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SAMZA83 Posts: 216
7/7/13 5:45 P

Hello everyone,

A lot of good insight here and I thank you. A couple of things to clarify:

The 2400 is around the amount of total calories burned from the time I wake up to the time I sleep. I actually burn about 500-900 in exercise (closer to 900 if I exercise the full 90 minutes,) The Chicago example I mentioned, I burned 1k in exercise but that was brisk walking for around 3 hours.

I USED to get 7-8 hours of sleep but between preparing to move/begin a new job in Germany and a demanding call centre job (ugh) where I've actually had my pay threatened because I came back apparently one minute late from a break that I used to walk on, get about 5-6 hours a night; it's worst when I have to be up at 4:30 for a meeting with German colleagues and at work by 8:00.

I blame this for my plateau for the most part and suffer from horrible guilt that I cannot seem to fit my current job, the planning/meetings associated with Germany, language studies and exercise in a 24 hour period. I am actually happy at the moment to be weight wise in one place.

Funny enough Bodymedia says I am burning around 4000 calories in exercise per week, whereas Sparkpeople says I should burn 2500. Sometimes I think it's just because I am up from early in the 5:30 to around 9:30 at night. I struggle to get 10k steps per day even with exercise.

As far as the thyroid test results are concerned. I know that no one is a doctor here, I was just wondering if someone could explain what the numbers mean and if a higher/lower number on any given result is an average 'normal.;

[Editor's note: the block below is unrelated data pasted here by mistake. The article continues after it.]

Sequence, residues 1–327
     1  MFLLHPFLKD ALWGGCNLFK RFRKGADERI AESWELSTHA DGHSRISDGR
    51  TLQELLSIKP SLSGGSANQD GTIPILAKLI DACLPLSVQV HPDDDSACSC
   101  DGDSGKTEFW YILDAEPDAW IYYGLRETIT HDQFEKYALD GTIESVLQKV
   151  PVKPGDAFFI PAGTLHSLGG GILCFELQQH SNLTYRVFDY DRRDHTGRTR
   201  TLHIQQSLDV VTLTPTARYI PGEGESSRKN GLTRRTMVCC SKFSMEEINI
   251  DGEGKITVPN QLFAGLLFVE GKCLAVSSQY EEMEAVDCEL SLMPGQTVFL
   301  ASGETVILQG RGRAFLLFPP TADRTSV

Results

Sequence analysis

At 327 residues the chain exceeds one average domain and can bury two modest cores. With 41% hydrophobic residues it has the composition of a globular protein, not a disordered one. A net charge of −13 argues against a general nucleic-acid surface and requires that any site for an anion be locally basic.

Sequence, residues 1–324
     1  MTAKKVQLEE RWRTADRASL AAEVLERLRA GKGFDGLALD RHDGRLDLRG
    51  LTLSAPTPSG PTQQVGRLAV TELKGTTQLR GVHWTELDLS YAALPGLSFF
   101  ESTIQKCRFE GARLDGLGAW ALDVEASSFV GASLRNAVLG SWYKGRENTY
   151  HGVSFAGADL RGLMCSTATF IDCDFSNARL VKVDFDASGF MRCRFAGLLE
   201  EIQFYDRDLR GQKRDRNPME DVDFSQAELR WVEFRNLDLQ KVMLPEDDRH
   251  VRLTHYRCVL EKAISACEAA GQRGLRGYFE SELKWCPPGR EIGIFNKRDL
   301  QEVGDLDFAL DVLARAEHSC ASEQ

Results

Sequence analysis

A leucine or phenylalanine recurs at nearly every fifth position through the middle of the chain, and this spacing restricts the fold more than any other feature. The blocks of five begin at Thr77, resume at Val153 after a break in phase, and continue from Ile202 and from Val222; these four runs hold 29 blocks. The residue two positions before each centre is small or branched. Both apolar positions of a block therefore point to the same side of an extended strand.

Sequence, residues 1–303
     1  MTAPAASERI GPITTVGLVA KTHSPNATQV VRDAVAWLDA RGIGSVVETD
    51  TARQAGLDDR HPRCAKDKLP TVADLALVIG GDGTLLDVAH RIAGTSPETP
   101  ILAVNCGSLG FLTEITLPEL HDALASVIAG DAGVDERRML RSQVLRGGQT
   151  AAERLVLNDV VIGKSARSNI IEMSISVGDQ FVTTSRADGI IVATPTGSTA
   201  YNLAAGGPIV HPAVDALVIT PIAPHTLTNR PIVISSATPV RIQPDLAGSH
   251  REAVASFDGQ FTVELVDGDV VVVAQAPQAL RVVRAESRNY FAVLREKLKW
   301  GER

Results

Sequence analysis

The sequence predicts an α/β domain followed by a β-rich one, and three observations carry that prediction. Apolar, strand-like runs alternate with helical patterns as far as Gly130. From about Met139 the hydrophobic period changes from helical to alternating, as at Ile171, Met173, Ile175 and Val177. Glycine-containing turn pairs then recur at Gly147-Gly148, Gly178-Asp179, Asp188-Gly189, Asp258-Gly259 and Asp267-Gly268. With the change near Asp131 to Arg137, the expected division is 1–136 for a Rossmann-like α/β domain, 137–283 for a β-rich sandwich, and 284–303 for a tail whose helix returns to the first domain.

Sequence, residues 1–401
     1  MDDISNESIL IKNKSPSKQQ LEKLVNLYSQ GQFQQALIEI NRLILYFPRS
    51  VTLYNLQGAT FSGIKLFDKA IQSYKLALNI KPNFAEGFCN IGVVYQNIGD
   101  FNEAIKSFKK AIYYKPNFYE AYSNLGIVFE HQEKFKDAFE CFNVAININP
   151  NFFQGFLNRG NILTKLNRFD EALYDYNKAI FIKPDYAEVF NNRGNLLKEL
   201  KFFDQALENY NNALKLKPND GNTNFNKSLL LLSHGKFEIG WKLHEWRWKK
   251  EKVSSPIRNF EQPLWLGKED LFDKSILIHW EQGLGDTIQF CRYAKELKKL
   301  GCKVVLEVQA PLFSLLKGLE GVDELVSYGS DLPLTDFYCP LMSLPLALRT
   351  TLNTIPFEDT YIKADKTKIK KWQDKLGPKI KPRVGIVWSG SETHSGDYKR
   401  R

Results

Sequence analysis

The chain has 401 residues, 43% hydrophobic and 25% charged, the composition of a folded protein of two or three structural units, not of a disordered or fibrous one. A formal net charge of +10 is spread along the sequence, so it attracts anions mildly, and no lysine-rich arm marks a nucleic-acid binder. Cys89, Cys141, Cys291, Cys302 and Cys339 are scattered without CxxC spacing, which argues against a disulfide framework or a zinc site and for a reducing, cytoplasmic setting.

MICHELLEXXXX SparkPoints: (7,382)
Fitness Minutes: (5,730)
Posts: 2,198
7/7/13 1:54 P

1. I would replace the protein bars with something unprocessed.
2. Are you sleeping at least 7 hour/night?
3 Are you training for 90 minutes everyday?

ANARIE Posts: 12,488
7/7/13 12:21 P

I was going to say exactly the same thing as Bunnykicks. No one here is qualified to decipher your test results because even if someone were a doctor, they can't comment without access to all your medical background.

But the doctor who ordered the test did, and explaining the results is part of the test. Your doctor skipped part of the job you paid him/her to do-- probably the most important part of the job. It's probably too late to go back now; they would need to run the test again because things change. But when you do have another test done, be sure to insist on an appointment to go over the results. Tests are no good if nobody does anything with them!

Also, the numbers you're getting from your BodyMedia aren't BMR. BMR is your Basal Metabolic Rate, the calories your body uses for basic biological function-- it's what you would burn if you never got out of bed. The numbers you're getting are the total calorie expenditure for the day, and if the machine were accurate, they're normal to a bit high. If you're slightly overweight and not particularly muscular, there's nothing abnormal about 1500 on a day without activity. I wouldn't take those readings as a sign of a problem. I'd be more concerned about your readings on active days being too *high,* frankly; a two-hour walk *shouldn't* burn 1500 calories. Even a 2-hour run shouldn't use up that much. I don't burn 3000 calories in a day when I hike 8 hours up a mountain. I would suggest you double-check all the settings on your device, and if nothing changes, talk to your doctor when you get to Germany to make sure there's not a problem with your heart rate or rhythm that's giving you those high readings.